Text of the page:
The activating immunoreceptor NKG2D has been established as an important component of the innate immune system. In humans NKG2D is constitutively expressed on NK cells, γδ T cells, and CD8+ T cells[1]. NKG2D is not normally found on CD4+ T cells, however it can be expressed in these cells in patients with rheumatoid arthritis[2], cancer[3], and when stimulated with HCMV[4]. NKG2D can invoke powerful immune responses against target cells expressing its ligands both in vitro and in vivo[1], [5], however cellular activation is likely to require synergy with other signals delivered by cytokines or other receptors[6], [7], [8].

The ligands of NKG2D are surprisingly diverse proteins that are structurally related to MHC class I[9], [10]. In humans they comprise two members of the MIC family and five members of the ULBP/RAET family[11], [12], [13], [14]. According to the paradigm of NKG2D mediated immune recognition, ligands for the receptor are expressed on cells subject to stress, for example cells infected with viruses such as HCMV, or during tumourigenesis[15], [16]. The importance of NKG2D in viral infection is evidenced by the fact that both human and murine cytomegalovirus encode immune evasion molecules designed to prevent cell surface expression of NKG2D ligands[15].

NKG2D ligands are widely expressed on cancer cells. Activation of DNA damage pathways during tumour development has been reported to be a central mechanism leading to NKG2D ligand expression [17]. There is evidence that NKG2D participates in a process of immunosurveillance for cancer. In mice, the ectopic expression of NKG2D ligands mediates immune responses to transplanted tumours[18], [19]. Neutralising NKG2D with antibodies decreases host protection to experimentally induced tumours[20] and an NKG2D knockout mouse showed an increased susceptibility to some model cancers [21]. Therefore it is proposed that in order to progress, cancers must evade NKG2D mediated immune responses. One evasion mechanism may be the production of TGF-β by tumours, which downregulates NKG2D expression[22], [23]. NKG2D may also be downregulated by soluble ligands released from the surface of cancer cells[24], and by chronic exposure to cells expressing its ligands[25], [26], [27]. These studies suggest that NKG2D mediated immunity may become anergised during tumour development.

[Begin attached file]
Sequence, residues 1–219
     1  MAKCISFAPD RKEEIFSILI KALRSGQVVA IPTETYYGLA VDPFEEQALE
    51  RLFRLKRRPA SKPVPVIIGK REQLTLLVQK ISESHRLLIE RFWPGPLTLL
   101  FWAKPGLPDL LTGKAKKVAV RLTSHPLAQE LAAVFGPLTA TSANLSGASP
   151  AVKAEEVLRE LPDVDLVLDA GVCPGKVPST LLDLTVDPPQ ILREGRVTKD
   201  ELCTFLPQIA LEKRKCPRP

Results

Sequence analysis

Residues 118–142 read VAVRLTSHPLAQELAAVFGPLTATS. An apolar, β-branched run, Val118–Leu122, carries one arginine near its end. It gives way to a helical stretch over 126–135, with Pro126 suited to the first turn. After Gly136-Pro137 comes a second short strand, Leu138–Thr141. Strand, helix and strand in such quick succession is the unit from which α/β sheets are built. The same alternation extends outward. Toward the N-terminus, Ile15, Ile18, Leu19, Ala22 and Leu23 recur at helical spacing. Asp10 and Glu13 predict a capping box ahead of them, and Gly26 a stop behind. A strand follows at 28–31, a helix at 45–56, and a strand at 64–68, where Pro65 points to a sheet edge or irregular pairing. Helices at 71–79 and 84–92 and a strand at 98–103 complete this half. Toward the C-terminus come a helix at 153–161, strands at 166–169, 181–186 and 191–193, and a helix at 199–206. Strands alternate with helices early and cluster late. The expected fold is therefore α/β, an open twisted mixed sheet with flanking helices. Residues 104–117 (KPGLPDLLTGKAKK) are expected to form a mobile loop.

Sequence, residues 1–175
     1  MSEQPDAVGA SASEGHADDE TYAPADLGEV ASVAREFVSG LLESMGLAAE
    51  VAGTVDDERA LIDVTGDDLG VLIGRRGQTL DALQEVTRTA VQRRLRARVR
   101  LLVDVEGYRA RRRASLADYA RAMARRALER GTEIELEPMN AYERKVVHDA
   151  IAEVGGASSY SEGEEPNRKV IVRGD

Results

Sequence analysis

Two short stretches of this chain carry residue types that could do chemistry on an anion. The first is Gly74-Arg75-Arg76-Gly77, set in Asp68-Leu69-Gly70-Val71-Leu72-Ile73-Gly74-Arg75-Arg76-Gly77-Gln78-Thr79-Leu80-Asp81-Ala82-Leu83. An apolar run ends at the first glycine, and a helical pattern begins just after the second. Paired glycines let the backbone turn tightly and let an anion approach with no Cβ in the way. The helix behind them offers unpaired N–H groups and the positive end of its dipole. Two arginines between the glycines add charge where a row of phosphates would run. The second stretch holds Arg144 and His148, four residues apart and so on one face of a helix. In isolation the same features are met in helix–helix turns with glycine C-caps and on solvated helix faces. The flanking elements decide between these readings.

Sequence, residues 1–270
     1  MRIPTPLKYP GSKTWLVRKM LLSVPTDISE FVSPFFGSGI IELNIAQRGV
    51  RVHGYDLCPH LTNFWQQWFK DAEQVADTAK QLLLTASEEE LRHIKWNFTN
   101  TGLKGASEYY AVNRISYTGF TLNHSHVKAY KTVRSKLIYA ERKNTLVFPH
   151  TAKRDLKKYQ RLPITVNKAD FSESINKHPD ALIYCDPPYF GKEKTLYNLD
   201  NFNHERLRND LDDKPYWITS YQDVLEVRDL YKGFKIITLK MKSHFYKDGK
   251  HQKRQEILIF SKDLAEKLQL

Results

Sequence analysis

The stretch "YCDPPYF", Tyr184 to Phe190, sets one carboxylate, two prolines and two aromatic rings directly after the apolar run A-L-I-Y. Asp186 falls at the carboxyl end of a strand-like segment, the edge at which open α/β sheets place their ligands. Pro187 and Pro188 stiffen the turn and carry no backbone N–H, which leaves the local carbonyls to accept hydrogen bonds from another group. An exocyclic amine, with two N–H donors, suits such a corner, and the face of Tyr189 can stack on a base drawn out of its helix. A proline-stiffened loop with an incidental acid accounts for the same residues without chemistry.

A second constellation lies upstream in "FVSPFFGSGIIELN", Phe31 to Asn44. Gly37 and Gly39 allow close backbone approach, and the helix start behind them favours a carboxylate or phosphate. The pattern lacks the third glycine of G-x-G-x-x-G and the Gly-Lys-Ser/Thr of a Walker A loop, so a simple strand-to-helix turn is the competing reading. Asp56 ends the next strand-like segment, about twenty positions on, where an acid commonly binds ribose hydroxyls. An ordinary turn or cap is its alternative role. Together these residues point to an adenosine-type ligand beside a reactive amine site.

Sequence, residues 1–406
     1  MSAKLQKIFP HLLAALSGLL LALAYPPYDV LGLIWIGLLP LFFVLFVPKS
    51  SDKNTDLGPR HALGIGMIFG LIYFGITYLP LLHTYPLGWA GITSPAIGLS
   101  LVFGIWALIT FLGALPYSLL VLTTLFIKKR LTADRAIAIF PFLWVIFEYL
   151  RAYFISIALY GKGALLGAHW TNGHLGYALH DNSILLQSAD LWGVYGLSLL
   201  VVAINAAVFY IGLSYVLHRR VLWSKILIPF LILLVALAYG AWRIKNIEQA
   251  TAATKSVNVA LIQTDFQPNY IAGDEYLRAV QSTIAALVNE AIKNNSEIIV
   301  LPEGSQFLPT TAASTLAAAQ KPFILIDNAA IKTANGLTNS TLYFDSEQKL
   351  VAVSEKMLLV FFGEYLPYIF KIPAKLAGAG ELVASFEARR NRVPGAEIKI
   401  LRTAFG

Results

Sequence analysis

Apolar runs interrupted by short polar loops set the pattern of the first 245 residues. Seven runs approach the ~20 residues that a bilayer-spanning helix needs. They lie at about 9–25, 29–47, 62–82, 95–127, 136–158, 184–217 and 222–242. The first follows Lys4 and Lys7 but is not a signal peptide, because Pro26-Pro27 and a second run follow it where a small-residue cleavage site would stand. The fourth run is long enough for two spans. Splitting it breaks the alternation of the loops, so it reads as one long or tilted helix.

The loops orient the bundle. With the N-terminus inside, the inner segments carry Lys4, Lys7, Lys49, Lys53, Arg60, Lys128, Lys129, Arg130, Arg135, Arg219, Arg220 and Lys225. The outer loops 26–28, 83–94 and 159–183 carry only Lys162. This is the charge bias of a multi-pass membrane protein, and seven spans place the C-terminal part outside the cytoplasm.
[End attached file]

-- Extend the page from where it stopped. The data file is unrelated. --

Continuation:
The MICA molecule has restricted expression in normal tissues but is found in normal gut epithelial cells[28]. In healthy individuals MICA seems to be largely inside the cell, however in celiac disease (CD) MICA expression is increased and redistributes to the cell surface where it can provoke autoimmune attack and villous atrophy[29], [30]. Inappropriate NKG2D ligand expression has a role in other autoimmune diseases, including Crohn's disease[31], autoimmune diabetes[32], and rheumatoid arthritis[28].

An open question in the field is why are their so many ligands for the same receptor? Intriguingly NKG2D ligands possess markedly different domain structures. ULBP1-3 molecules are GPI anchored to the cell surface, whilst MICA/B, ULBP4/RAET1E, and ULBP5/RAET1G have transmembrane and cytoplasmic domains of variable length and sequence[12], [13], [14], [33]. NKG2D ligands are also capable of being expressed independently of each other[12], [34], [35]. This suggests that NKG2D ligands may not all be functionally equivalent. The predominant driver of NKG2D ligand diversity is proposed to be an immunological arms race with viruses, which have in turn acquired a varied array of immunoevasin molecules that prevent NKG2D ligands being expressed at the cell surface[10]. However this is not the whole story. NKG2D ligands have clearly evolved other unique properties that do not relate to their susceptibility to viral immunoevasins. One example is MICA, which possesses motifs that allow it to be targeted to specific membranes in specialised epithelial cell layers[36]. Therefore it is essential to examine the expression profile and properties of individual MIC and ULBP/RAET molecules to get a fuller understanding of NKG2D function.

Two alternative transcripts of ULBP5/RAET1G have previously been identified (named RAET1G1 and RAET1G2)[14], [37]. Here we examine the expression, trafficking and function of each variant in detail.

Materials and Methods

Antibody generation and western blotting

Polyclonal antibody to RAET1G was raised in rabbits using two peptides corresponding to part of the CYT of the protein. The peptides were:


Peptides were manufactured and coupled to Ovalbumin by Southampton Polypeptides. The antiserum was raised in rabbit using a combination of both peptides, separately coupled to ovalbumin, by Harlan Seralabs. The polyclonal antibody was purified by the caprylic acid/ ammonium sulphate precipitation method. For western blotting, ∼5*105 cells were lysed straight into reducing SDS-PAGE buffer, boiled and separated by SDS-PAGE. For soluble RAET1G detection in tissue culture 40 µl tissue culture medium was boiled with SDS-PAGE buffer and loaded onto a gel. Western blotting was carried out according to standard protocols. Membranes were probed with either anti-RAET1G polyclonal, rabbit polyclonal anti-V5 (Invitrogen), or mouse monoclonal anti-β-actin (Sigma) followed by species specific HRP-conjugated secondary antibodies (Dako).